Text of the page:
Taylor was born in Jackson, Mississippi in 1943, and although her family moved to the North, as a child she frequently re-visited the South, absorbing the many stories she heard, later incorporating them into her novels, and The Road to Memphis is a fictional representation of archival and family research.
The author painfully depicts a world in which blacks must call whites 'Mr' and are daily forced to accept different kinds of intimidation that whites mete out with (usual) impunity. Jeremy Simms is a young white man who is an exception to these rules, though, as he believes that 'folks are folks', and is generally respected by the black community. Until, that is, he joins his racist cousins the Aames in chasing Harris, who badly breaks his leg as a result. However, Jeremy redeems himself when Moe snaps and beats up the Aames, and he not only hides Moe in his truck but secretly drives him to Jackson, from where he escapes in Stacey Logan's car to Memphis and by train to the safety of Chicago.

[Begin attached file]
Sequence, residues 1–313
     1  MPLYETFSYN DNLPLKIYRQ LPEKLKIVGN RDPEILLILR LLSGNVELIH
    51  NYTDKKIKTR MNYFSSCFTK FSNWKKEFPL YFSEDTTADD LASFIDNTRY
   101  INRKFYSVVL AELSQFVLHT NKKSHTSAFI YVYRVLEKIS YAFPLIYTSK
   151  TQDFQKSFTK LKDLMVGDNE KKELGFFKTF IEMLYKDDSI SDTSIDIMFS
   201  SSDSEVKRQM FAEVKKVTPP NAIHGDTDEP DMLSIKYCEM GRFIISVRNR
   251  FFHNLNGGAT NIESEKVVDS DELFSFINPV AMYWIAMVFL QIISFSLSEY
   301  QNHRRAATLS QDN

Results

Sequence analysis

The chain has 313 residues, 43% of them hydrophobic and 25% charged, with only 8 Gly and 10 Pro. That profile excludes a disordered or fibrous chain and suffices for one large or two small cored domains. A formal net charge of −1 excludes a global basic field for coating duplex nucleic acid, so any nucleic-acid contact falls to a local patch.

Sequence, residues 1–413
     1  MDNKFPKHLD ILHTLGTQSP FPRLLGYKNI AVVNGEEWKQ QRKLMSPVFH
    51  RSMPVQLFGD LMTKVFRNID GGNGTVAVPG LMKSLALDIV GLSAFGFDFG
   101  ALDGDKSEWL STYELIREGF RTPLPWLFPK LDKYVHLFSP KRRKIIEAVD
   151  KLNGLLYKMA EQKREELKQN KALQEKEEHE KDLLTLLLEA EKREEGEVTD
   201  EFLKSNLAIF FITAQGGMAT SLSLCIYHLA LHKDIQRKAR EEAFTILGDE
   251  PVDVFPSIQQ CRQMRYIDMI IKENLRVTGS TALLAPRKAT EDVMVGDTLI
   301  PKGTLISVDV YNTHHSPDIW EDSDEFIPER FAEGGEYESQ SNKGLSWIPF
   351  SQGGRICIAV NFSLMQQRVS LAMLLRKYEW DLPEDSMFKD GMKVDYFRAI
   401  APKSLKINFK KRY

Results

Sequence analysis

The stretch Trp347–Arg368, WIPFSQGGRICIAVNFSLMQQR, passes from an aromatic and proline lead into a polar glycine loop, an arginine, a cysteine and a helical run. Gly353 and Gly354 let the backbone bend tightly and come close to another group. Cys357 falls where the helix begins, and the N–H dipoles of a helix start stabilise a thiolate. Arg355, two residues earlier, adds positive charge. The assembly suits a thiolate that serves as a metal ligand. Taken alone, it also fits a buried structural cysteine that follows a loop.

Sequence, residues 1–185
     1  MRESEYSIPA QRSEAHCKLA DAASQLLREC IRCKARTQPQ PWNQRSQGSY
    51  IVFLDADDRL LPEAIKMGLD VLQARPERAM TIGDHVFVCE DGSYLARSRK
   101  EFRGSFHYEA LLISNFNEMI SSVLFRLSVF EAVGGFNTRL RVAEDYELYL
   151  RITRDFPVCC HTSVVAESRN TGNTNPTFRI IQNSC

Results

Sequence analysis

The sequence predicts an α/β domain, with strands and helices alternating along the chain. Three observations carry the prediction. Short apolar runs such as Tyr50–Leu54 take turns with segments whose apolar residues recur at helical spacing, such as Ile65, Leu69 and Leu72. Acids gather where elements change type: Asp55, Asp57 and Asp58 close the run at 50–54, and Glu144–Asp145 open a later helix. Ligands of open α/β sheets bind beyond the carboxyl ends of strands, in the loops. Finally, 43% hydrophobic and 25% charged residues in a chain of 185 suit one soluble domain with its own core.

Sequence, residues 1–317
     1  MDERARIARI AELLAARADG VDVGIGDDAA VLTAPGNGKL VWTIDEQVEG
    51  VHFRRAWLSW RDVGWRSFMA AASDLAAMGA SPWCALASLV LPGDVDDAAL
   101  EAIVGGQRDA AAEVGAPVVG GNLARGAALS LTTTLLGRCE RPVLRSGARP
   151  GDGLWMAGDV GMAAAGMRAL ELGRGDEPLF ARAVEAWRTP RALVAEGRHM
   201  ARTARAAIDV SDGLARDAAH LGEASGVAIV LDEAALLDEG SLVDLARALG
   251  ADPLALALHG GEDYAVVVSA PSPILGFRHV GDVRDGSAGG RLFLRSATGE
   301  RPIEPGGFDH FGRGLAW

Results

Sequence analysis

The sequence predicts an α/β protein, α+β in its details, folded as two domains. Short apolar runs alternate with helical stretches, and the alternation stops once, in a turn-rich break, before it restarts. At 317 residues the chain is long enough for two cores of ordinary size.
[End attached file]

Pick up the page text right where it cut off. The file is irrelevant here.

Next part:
But there are no easy endings. There can't be.